Joins Coalition Calling for Withdrawal of Big Brother-Mandate
BATON ROUGE, LA – Fighting to protect the financial freedom of Louisiana citizens, Attorney General Jeff Landry is pushing back against the Biden Administration’s unconstitutional banking surveillance plan. Attorney General Landry has joined 19 of his fellow state attorneys general in calling for an immediate end to a proposal that would allow the Internal Revenue Service (IRS) access to every citizen’s bank account with a balance of at least $600 and exceeds $600 per year in transactions.
“Joe Biden’s federal government combing through almost every American’s bank account without cause – or even suspicion – is unacceptable, illegal, and contrary to the well-founded constitutional principles against illegal searches and seizures,” said Attorney General Landry. “I will do all that I can to fight this reckless authoritarianism and protect the people of Louisiana, their property, and their privacy.”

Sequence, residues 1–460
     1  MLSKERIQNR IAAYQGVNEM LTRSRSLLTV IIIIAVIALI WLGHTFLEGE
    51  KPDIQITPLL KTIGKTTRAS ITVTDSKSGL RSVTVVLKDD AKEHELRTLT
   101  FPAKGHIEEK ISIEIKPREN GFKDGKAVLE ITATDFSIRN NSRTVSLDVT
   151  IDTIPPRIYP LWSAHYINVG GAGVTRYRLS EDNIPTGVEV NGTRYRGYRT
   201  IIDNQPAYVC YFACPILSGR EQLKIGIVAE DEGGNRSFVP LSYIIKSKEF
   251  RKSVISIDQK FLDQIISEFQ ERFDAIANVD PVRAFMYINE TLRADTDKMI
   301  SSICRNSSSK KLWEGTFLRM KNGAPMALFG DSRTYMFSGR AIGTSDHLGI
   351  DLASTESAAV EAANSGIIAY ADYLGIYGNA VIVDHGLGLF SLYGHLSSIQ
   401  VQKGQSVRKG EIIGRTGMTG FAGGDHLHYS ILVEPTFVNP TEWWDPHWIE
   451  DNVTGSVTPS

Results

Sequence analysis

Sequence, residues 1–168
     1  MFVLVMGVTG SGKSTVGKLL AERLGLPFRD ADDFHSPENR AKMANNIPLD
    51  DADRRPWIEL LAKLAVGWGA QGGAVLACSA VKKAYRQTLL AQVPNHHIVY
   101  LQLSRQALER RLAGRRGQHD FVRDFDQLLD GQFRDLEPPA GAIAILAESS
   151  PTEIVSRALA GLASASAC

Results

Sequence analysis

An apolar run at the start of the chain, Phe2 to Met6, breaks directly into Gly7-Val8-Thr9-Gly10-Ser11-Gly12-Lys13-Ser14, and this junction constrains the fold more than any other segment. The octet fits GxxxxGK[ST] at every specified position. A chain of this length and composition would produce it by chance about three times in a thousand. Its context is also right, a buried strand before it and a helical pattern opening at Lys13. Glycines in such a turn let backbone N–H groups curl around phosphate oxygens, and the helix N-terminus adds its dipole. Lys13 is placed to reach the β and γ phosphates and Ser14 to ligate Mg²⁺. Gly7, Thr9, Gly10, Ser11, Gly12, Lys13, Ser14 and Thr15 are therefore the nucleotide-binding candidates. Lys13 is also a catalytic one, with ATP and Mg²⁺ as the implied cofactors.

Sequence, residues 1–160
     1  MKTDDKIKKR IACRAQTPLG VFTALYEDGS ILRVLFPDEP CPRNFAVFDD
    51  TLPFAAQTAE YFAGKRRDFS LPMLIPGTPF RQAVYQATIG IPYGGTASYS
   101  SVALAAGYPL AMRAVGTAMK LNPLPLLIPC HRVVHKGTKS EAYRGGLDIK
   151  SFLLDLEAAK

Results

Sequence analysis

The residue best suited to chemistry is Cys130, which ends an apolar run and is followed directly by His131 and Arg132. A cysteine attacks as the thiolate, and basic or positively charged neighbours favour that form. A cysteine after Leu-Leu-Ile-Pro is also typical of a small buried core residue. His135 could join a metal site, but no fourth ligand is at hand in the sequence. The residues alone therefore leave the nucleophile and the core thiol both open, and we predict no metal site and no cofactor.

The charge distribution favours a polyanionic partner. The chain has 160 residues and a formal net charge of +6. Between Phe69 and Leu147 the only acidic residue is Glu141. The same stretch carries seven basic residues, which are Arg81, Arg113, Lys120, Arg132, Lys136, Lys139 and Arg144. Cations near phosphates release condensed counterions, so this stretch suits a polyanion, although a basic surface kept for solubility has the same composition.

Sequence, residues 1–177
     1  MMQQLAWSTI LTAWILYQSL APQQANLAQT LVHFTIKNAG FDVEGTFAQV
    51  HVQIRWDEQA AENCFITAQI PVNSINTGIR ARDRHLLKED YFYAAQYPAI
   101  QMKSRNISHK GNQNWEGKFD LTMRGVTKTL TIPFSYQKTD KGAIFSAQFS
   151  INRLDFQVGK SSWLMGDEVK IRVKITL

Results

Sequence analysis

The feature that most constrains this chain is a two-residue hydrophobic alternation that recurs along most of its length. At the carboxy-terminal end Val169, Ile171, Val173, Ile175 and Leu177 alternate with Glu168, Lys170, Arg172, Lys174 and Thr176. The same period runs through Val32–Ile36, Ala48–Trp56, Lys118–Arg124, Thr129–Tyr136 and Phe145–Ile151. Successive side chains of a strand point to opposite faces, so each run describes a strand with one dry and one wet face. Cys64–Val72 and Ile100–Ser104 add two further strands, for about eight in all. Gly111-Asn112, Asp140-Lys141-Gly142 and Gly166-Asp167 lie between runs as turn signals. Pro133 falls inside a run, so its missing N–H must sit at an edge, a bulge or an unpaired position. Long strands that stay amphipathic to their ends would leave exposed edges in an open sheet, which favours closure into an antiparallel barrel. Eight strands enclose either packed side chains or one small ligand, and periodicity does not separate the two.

In a letter to Biden and his Treasury Secretary Janet Yellen, Attorney General Landry and his colleagues argue the policy is at best overly burdensome and at worst illegal. “As the chief legal officers of our states, we find this proposal wholly unacceptable and oppose any requirement of its kind.”
The attorneys general argue the proposal seeks to leverage private transaction information by effectively transforming banks into large-scale data processors for the IRS, forcing the banks to provide private information regarding common transactions such as rent payments, paying for groceries, and other transactions that are part of everyday life of Americans who have done nothing wrong, are not under suspicion of having done anything illegal and for which the government has no evidence or reason to believe are guilty of civil or criminal violations.
“It has become all too common for the Biden Administration to disregard the Constitution in their attempt to break the middle class,” concluded Attorney General Landry. “In addition to violating the law, the IRS proposal would not only lay an enormous burden on local and community banks in Louisiana but also punish their consumers with higher fees and rates or less access to banking services.”
Joining Attorney General Landry in the letter were the attorneys general of Georgia, Idaho, Utah, Alabama, Alaska, Arkansas, Florida, Kansas, Kentucky, Mississippi, Missouri, Montana, Nebraska, New Hampshire, Ohio, Oklahoma, South Carolina, Texas, and West Virginia.